Magazine February 19, 2018, Issue

Black-and-White Visitor

(Digital Zoo/Getty Images)

The smell hits you as soon as you open the door: faint but sharp, and unpleasant. The closest equivalent is the chemical they put in propane, to aid in detecting leaks. But this is nature’s chemical, the odor of skunk.

Growing up in the suburbs I never saw a skunk on the loose. Raccoons, yes: They go anywhere, even Brooklyn. Their long-striped cousins are pickier. Now in the country, one (or a family of them) has picked my house. Their names are not on the mortgage or the tax map, but they are most definitely in residence.

Skunks live only in the

In This Issue



Books, Arts & Manners




Popularity Contest In “Hearing the People” (January 22), a generally spot-on assessment of how Republicans should react to populism, Henry Olsen writes: “The combined might of the five core groups of ...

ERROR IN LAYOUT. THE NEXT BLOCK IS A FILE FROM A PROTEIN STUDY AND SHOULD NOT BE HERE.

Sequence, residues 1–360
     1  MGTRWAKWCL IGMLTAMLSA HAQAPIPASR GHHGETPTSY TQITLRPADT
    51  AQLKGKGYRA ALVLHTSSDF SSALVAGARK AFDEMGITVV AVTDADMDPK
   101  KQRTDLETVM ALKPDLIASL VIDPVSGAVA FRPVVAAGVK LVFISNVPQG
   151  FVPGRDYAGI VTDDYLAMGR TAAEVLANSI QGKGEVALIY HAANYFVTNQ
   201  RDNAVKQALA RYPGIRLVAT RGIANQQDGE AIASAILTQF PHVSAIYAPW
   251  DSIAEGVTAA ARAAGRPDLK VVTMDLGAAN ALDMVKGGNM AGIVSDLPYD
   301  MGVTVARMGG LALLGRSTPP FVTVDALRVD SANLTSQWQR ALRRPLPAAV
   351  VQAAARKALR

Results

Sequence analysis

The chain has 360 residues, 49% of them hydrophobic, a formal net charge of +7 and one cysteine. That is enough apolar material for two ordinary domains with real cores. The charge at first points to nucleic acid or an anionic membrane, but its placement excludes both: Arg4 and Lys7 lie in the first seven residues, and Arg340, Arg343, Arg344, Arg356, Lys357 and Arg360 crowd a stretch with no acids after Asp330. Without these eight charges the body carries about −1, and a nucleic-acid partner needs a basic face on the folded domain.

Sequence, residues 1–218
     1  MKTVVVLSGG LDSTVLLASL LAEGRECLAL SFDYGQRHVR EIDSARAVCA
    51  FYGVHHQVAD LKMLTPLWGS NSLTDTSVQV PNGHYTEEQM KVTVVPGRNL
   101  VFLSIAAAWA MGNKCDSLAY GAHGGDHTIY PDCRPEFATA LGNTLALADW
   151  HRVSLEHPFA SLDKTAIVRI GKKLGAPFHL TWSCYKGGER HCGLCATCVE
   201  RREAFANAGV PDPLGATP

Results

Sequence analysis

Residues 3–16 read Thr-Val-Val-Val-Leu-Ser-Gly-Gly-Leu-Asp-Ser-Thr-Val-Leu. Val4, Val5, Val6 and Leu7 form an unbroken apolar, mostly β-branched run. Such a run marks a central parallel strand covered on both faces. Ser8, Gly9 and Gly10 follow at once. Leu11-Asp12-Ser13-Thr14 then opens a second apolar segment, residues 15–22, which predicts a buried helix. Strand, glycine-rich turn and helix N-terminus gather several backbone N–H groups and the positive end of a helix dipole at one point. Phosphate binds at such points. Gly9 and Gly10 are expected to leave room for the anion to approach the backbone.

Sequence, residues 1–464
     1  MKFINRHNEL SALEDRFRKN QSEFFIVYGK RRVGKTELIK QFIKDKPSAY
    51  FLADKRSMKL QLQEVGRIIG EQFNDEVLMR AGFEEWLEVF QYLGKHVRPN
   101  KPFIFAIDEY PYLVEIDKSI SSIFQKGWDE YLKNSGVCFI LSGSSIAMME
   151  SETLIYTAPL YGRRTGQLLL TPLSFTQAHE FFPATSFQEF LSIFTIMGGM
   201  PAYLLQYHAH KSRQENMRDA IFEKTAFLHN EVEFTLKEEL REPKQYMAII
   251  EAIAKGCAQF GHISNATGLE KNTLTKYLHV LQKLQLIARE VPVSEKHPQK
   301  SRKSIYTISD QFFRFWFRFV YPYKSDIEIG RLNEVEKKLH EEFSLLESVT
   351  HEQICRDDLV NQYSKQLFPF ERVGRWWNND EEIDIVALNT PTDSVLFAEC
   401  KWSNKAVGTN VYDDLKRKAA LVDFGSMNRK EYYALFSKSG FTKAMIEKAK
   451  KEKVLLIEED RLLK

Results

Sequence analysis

Politics & Policy

The Week

‐ “And here to speak for the party of diversity, inclusion, women, people of color, and a bold embrace of the future is . . . some guy named ‘Kennedy.’” ‐ ...


THIS MILKY WAY This Milky Way, our galaxy, contains A massive hole of blackness at its core, Where any photon striking it remains In unreflected absence evermore, While we perch on a speck upon a ...